My previous brief review of another work by this author HERE.

SULLOM HILL a short story by Christopher Kenworthy (2011)

  1. image
    “Cloud had closed the gap to the horizon.”
    A simply expressed, but complexly felt, deployment of believable boys at school, one the norm, another the bully, and the third the ‘slow’ miscegenate, all playing themselves as well as roles in a Fylde genius-loci. The bully is bullied by the schoolteacher, in incantatory insulting refrain of verbal ping-pong – later paralleled by the bully bullying the slow one in a similar manner, as they burn tyres and climb hills, mediated by the norm, while watching coastal horizons and eventually passing into a range of inferentially difficult or easy homes or ‘households’ at day’s end, arguably paralleled by mutual interchangeable containers of their own skulls (each a competing storm or calm in a nightjar?)
    The wild landscape of early childhood, towards the eponymous aftermath of the solemn and sullen.

PUCK a short story by David Rose (2012)
Copy 182 of a signed limited edition of 200 copies
  1. “But next to the skull is some sort of pot, seen from above. The pot has been identified as an earthenware jar, a pun on the name Alfred Jarry,…”
    Jars, pots, bowls, pitchers, Longfellow’s Priscilla as a second name, too, echoing my earlier Nightjar reviews, and more.
    This was as if written for me seeking a gestalt from leitmotifs, an extrapolative rhapsody on art, blending textured specific and general painterly references galore letting the real stars through, a countrified escape from light pollution, with birdwatching terminology; estranged marital artists and their singular progeny symbiotically enhanced as well as threatened by art and the disease that is also let through as well as the stars being let through.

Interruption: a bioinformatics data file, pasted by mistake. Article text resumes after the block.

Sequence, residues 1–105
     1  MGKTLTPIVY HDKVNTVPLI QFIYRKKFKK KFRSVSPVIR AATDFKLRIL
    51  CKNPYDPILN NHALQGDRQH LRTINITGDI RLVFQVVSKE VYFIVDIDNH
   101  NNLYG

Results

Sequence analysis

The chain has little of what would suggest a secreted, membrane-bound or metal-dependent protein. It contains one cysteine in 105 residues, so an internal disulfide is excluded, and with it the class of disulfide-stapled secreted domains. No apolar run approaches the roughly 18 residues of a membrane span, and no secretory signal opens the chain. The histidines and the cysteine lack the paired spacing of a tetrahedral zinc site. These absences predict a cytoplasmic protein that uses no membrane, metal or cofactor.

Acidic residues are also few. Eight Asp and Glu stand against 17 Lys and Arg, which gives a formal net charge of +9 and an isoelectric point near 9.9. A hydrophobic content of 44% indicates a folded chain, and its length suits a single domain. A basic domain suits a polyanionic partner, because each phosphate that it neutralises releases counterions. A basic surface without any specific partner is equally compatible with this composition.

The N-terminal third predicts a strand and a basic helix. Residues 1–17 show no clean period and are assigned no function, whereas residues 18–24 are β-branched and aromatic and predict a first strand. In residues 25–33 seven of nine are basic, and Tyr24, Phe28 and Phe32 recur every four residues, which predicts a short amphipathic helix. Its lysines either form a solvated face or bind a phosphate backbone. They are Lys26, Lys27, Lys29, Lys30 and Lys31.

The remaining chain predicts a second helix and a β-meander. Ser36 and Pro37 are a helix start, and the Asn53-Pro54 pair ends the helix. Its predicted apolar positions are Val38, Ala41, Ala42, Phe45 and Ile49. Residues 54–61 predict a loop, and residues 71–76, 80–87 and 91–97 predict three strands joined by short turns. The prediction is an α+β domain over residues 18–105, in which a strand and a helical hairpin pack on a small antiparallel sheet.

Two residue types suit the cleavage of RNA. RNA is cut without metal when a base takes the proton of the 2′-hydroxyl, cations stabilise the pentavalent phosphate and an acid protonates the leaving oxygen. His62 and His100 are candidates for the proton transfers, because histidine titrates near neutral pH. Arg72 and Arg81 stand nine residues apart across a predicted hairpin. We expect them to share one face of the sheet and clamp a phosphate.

Beautiful and frightening.
THE HOME a short story by Tom Fletcher (2015)
Copy 5 of a signed limited edition of 200 copies
  1. “The landscape has no edges. It goes on forever. There is nothing to see.”
    This tellingly crosses themes with the return of the wanderer wife and the ‘home’ as skulljar, here as TV screen, in two previous Nightjars I have just read.
    In itself, it has a traction of intriguing, worrying build-up, seeing one’s wife on the screen, unable to help her, a ‘jar’ that contains an endless emptiness as well as a claustrophobic relationship. The ending is highly disturbing.
    This is only about three and half pages. I say ‘only’ but it does seem significant that something so physically slight but equally so complexly meaning-full is contained within the quality covers and sleek paper of a single svelteness of container. The overall gestalt works, the story working for the format, and vice versa, something that I have found true about all these Nightjars so far.


JUNGLE a short story by Conrad Williams (2013)
Copy 157 of a signed limited edition of 200 copies
  1. image“You can’t show a child that. You can’t be afraid.”
    Crossing themes with the threatened or enhanced child from the involving-impasto effects of painting as locked in a previous Nightjar of various colours, this wonderful story is of an artist, naive like Henri Rousseau, who lives in the ‘homeskull’ of a one bedroom flat with working-at-home wife, and a toddler son Fred. This protagonist is, for me, physically paranoiac, if there is such an expression. Scared of his own shadow? Overly protective. The eventuality of a jungle adventure gymnasium to shelter from the rain with Fred, as crossed with a nightmare version of the first painting he had not been able to sign, makes a fitting climax to all seven reviews of Nightjars I have just conducted one by one in real-time.
    imageI fondly remember sharing with this author the story contents list of a horror fanzine called ‘Dementia 13′ in the late 1980s.